All products and businesses serve people. Successful products and businesses create relevance for the people they serve.
I’ve often said that you know you have created relevance when your customer cannot sleep after hearing or reading about your product or service — the impact on his or her life is too important for that person to ignore, because of how relevant the offering is.
One of the easiest and best way of creating this relevance to help reduce the confusion in a person’s massively overloaded lives.
Today, people are massively overloaded — with information, with news, with ads (Aur Sunao anyone!?), and with options! Just remove those nuisances, and you’re relevant to someone!
Here is a great way, then, of identifying successful product opportunities:
1- Recognizing the said overload is simple enough — how many times can each of us tolerate the Aur Sunao ad before adding a todo list item that says “Switch cellphone carriers away from Mobilink — tell friends to do the same”
2- Reducing the said overload is simple enough as well — just remove the pains!
3- Launch, highlight, and trumpet your simplicity.
The first law of media states that if you reduce the total set of media, the attention to any specific media would increase — from competitive economics it implicitly says that the fewer choices of media will also be higher quality choices, and thus there will be a high probability that they will be relevant to the segment at large.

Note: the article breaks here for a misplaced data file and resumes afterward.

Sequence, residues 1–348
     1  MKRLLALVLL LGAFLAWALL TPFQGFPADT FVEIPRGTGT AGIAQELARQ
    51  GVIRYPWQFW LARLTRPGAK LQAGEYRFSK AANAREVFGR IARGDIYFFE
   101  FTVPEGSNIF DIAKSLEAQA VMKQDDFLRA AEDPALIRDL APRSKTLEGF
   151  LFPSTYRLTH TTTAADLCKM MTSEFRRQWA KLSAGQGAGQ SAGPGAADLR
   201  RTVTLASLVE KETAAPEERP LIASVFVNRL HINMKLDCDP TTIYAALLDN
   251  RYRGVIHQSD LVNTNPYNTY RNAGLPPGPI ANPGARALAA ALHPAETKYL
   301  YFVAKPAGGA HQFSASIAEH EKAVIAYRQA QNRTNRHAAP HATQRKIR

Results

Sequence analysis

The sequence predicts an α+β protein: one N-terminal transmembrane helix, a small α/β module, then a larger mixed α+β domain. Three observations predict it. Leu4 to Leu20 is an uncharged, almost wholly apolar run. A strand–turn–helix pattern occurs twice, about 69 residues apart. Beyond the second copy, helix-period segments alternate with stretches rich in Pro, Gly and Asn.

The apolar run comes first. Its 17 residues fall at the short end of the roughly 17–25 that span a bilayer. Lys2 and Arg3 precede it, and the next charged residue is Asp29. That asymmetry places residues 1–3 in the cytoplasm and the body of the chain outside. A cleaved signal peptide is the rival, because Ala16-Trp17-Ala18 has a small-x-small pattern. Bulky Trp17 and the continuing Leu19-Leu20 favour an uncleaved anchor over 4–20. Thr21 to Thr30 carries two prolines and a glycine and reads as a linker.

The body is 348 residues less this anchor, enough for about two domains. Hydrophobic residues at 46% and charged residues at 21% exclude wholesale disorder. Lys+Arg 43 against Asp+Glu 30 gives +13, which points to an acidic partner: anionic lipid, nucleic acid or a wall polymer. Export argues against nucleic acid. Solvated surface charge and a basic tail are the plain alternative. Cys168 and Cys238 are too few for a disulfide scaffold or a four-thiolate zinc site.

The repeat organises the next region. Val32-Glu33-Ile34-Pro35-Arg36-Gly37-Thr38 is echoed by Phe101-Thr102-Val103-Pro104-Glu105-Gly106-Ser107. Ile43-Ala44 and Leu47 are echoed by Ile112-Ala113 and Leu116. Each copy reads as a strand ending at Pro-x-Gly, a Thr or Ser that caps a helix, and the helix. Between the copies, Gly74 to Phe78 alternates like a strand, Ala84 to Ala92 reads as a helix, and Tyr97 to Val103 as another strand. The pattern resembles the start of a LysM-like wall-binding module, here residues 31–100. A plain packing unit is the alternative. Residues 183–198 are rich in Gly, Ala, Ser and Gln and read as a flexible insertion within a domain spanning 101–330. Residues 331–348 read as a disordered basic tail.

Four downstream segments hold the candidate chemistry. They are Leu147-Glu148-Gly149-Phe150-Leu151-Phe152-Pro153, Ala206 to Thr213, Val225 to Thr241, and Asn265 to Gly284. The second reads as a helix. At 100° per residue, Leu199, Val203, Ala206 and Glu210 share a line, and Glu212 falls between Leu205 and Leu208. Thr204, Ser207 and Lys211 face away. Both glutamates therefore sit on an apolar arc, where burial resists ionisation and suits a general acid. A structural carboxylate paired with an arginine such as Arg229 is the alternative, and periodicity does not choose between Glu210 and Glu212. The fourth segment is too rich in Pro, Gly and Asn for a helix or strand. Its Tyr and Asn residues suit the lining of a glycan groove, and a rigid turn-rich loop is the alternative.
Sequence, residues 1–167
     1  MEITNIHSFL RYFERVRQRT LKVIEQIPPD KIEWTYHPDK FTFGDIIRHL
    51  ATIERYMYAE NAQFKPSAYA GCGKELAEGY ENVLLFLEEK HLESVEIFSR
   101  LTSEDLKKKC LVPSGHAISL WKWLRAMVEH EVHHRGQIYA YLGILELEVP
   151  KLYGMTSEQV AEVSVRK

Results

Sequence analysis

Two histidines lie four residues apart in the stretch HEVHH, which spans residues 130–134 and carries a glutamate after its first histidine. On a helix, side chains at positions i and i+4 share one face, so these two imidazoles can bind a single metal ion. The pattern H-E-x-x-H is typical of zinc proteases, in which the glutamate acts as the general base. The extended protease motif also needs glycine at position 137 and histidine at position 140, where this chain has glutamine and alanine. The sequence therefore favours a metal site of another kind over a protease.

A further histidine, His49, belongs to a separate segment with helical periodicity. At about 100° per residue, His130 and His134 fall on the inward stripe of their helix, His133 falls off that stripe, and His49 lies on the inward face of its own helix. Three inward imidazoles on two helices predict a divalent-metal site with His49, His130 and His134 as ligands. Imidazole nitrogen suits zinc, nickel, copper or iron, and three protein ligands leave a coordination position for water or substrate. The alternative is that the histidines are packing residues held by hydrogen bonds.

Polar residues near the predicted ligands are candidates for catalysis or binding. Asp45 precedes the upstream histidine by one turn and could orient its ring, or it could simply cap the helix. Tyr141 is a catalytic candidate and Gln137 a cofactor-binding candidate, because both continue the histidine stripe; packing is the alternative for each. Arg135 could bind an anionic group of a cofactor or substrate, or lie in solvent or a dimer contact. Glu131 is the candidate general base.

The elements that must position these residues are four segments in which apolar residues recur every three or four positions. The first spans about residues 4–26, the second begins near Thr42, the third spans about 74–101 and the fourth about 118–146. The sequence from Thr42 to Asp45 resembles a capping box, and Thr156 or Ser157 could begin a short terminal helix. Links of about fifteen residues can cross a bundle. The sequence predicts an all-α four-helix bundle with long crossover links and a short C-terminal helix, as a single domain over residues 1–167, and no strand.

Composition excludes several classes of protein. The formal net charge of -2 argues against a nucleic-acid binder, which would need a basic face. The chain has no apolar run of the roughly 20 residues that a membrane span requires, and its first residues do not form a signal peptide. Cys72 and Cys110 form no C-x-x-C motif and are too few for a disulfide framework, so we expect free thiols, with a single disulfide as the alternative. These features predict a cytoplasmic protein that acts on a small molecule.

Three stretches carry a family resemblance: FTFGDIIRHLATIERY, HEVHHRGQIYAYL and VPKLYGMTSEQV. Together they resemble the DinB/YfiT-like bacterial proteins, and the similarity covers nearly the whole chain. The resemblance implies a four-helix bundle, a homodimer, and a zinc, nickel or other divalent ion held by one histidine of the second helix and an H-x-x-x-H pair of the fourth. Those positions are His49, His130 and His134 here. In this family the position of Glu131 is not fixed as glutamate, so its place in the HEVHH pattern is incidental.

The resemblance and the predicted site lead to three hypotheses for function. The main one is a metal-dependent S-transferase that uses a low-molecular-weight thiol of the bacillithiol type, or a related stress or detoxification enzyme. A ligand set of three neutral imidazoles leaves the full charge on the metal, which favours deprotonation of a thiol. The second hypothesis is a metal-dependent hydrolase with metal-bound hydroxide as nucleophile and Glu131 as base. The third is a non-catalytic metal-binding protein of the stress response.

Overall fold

This is a fairly common approach of creating relevance through simplicity. One way of controlling the scope — and hence quality — of media presented is by creating niche-content, such as AAG TV.
This is the approach used to simplify the overload of news and media.
But what about the overload of Choice?!
Take a look at your desktops after a few months of use, and if you’re like me they will look like a war zone. Take a look at many plugin-enabled software products (such as Firefox or MS Word) with all of their options open (a problem called Feature Creep — see the Wikipedia entry on it).
Beyond software, look at Starbucks — which now boasts over 35 different ways of getting coffee! Or, perhaps, even down to Subway, with a lengthy exam to go through to make your sub.
Finally, take a look at ANY remote control being manufactured today, and try not to wonder why God decided to put you through that experience.
We live with WAY too many options, and this can more than overwhelm the typical person. Honestly, the choices we struggle through in day-to-day life makes the Office Clippy look like a refined gentleman in comparison.
The excessive options stop us from doing what we actually set out to do, and constantly give us moments to think and measure options and make decisions. Anyone, then, who can help us sift through the options and can allow us to actually do what it was that we wanted to do, will create successful products, and if nothing else allows you to build a successful niche set of customers.
– Quiznos Subs VS Subway — If I’m going in to have a sandwich, dont put me through an exam that makes me lose my appetite — Quiznos menu structure is a clear winner.
– ANY TV remote control VS the Apple TV Remote — This is even on the CDF Engineering test for all applicants — a 6 button remote can do everything a 50 button one can, AND looks nicer too
– ANY CRM software VS 37Signal’s HighRise — When all we want to do is keep track of our company’s interactions with our customers, why have the sales team spend more than half the day filling up forms?
So… short answer to a long answer to a short question: Simplicity = Relevance = $$$